The Pink Hat of Fidelity

In 1989, fans of the movie Back to the Future were treated to the second chapter in the trilogy, Back to the Future II. Unlike the original (or the third movie in the franchise), Back to the Future II actually goes into the future; protagonist Marty McFly ends up in the year 2015. This gave the movie’s writers and producers a change to make predictions about what the future would hold for all of us and, at the same time, make some jokes about it. If you’re a baseball fan, you probably picked up on a joke made at the expense of the Chicago Cubs. A news report in the movie shows that the Cubs had just won the World Series, much to Marty’s surprise. As of 1989, the Cubs hadn’t won a World Series in over 80 years, and the drought had become a bit of a punchline. 

Fast forward to the real 2015 and the Cubs still hadn’t won a World Series since 1908. (They came close that year, but the Mets, a superior team by any reasonable measure, beat them soundly in four straight games.) Nevertheless, despite the lack of championships, fans flooded Wrigley Field (where the Cubs play their home games) each and every day, rooting for their team win or lose, wearing their blue Cub hats as a sign of their love of their hometown team.

But one Cubs fan didn’t follow suit. He cheered as much as the rest, yes, but he didn’t wear a blue baseball cap. His was pink, as seen above, just behind the brick wall and to the right (from his perspective) of the MLB Network ad. He was at many, many games over the few decades prior, wearing that same pink hat. He wasn’t at every game, no, but enough where fans wanted to know: who is the pink hat guy? And why the pink hat?

It turns out that he’s loyal to his Cubs, yes — and he’s also loyal to his wife.

The Pink Hat Guy, formally known as Jim Anixter, has been a Cubs season ticket holder since 1966 or 1967. Those seats gave him access to tickets for the 1990 All-Star Game, hosted at Wrigley Field, and to the Home Run Derby (and “Workout Day”) the day prior. Anixter, being the die-hard fan he is, attended both. And on Workout Day, the team handed out free hats to all attendees, as seen below. You’ll note, right away, that it is pink.

Anixter liked the hat enough to keep wearing it, as quickly saw it as a good luck charm, one that could help bring wins to his beloved Cubs. Over the years, he became a familiar sight at games — you don’t tend to see a lot of all-pink hats there — and ultimately, he decided to embrace the hat as part of his identity. As he told Fox 32 in Chicago, in 2004, a relative said “why don’t you make up a hat that says ‘The Pink Hat Guy,” so he did — and then, “all of a sudden,” he continued, “I’ve become a celebrity.”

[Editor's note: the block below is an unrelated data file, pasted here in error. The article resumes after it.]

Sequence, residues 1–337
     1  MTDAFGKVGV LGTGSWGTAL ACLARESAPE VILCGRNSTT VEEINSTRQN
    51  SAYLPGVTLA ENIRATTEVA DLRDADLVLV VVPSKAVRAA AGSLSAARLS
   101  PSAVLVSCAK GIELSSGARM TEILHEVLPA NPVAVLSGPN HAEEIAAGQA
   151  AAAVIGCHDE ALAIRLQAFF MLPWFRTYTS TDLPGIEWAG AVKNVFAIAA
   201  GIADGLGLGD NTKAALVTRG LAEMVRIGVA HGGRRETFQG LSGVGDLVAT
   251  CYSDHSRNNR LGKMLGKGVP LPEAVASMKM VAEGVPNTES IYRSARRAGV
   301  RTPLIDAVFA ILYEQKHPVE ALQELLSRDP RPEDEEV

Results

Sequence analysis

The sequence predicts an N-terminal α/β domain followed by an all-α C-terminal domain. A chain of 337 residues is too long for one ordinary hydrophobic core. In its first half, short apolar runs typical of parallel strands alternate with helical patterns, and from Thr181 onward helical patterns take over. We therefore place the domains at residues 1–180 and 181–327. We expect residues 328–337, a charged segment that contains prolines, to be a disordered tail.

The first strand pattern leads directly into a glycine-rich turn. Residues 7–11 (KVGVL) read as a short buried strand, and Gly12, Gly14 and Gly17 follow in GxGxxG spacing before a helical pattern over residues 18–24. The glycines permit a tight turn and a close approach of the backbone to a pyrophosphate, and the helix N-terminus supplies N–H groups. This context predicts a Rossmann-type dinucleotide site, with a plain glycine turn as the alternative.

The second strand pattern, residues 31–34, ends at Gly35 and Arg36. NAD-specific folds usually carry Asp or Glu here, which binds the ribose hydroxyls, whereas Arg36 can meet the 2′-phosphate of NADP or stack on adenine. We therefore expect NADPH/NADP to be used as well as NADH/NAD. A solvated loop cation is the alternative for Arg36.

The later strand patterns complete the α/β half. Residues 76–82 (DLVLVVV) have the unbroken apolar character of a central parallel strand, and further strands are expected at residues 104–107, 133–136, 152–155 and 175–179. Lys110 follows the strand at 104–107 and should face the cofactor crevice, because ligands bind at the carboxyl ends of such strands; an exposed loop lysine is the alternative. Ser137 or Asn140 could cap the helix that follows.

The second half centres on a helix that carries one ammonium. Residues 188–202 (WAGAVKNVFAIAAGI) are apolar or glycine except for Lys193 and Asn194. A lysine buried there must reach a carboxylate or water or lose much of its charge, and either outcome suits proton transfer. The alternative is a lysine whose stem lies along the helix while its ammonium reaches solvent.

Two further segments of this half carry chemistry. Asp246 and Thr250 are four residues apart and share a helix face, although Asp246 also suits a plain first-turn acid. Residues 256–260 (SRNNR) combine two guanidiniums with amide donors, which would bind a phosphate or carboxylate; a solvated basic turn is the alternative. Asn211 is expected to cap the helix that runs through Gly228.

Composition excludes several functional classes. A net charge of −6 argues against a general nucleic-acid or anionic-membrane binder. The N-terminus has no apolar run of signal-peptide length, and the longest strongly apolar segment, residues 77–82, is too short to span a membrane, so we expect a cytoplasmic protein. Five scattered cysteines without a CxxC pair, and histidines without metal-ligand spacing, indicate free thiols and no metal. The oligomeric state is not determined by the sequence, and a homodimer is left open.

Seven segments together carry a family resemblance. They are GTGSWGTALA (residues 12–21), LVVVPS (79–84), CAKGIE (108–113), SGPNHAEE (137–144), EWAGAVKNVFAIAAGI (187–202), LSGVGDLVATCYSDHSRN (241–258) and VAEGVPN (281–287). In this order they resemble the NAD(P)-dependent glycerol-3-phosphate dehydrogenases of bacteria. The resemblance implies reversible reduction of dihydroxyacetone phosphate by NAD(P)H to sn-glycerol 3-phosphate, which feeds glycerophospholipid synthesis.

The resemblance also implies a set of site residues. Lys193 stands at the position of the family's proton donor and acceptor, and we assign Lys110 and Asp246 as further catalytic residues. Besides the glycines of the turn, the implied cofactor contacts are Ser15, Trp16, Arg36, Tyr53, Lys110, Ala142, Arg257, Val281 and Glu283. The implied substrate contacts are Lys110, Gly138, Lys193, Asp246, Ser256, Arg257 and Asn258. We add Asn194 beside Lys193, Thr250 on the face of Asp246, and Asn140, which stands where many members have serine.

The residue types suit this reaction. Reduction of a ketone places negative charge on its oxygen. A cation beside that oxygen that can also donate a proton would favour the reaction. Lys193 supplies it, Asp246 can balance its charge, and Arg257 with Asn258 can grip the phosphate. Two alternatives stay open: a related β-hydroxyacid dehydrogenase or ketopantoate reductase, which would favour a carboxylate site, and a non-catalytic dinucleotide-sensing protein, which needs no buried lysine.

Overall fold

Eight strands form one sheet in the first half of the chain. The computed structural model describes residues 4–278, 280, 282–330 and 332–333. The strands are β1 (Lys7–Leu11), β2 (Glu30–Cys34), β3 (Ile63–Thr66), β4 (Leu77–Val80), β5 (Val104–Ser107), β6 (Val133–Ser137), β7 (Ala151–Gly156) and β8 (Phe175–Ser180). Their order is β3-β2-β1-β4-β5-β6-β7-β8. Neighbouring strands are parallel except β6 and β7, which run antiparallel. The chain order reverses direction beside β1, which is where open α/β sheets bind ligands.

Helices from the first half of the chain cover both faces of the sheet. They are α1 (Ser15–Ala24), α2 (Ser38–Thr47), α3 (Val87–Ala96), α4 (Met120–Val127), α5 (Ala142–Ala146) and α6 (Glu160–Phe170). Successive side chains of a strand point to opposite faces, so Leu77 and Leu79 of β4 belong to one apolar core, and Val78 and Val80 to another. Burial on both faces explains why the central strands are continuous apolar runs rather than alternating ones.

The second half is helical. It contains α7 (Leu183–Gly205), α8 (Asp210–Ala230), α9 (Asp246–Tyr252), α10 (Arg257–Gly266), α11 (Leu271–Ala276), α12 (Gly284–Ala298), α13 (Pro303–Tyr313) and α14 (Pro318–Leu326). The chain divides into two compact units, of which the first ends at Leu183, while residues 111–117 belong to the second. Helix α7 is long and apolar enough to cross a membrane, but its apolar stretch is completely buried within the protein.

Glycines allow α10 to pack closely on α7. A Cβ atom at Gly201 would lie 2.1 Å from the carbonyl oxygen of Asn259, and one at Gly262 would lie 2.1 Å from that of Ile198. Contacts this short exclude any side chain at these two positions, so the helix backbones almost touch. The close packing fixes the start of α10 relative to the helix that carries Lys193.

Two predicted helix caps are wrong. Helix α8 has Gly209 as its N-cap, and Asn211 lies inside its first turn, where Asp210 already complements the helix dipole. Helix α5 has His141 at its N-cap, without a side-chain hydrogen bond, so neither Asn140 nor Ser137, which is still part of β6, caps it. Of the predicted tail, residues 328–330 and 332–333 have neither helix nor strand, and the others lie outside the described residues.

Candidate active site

But there’s more to the story than just a fan with a unique sense of style and superstition. As Anixter explains, the hat (and his green shirt/sweater he pairs with it) make it easy for anyone watching at home to immediately pick him out. Which, he notes, helped keep his marriage strong. As Anixter told DNA Info, beyond being a good luck charm, he wears the pink hat “so my wife can see I’m really at the ballpark and I’m not fooling around.”

A year after Anxiter’s story made the news, his lifelong dream as a Cubs fan came true. On November 2, 2016 — a year after the Back to the Future II prediction — the Cubs finally won themselves a World Series. The pink hat had finally brought enough luck. 

(And yes, as of last month, he’s still going to games — and is still married.)

Bonus fact: In 2003, a Chicago Cubs fan named Steve Bartman became instantly infamous in Chicago. Bartman, in attendance during a Cubs playoff game, reached over the railing to try to catch a foul ball, but in doing so, prevented Cubs outfielder Moises Alou from catching it. (Here’s a video.) The batter, Luis Castillo, almost certainly would have been out as a result, but instead, he got another chance and ended up safely reaching base. One thing led to another and the Cubs, who were winning before Bartman got involved, ended up losing.

While the loss obviously wasn’t solely (or even mostly) his fault, Bartman became a scapegoat and reviled throughout the city. But in 2016, when the team finally won their title, the Cubs used it as an opportunity to show that he wasn’t to blame: they gave him a World Series ring with his name on it, in an effort to “provide closure on an unfortunate chapter of the story that has perpetuated throughout [their] quest to win a long-awaited World Series.”

From the Archives: Mr. Pee Hands: A gross story about Moises Alou, the man who Bartman interfered with.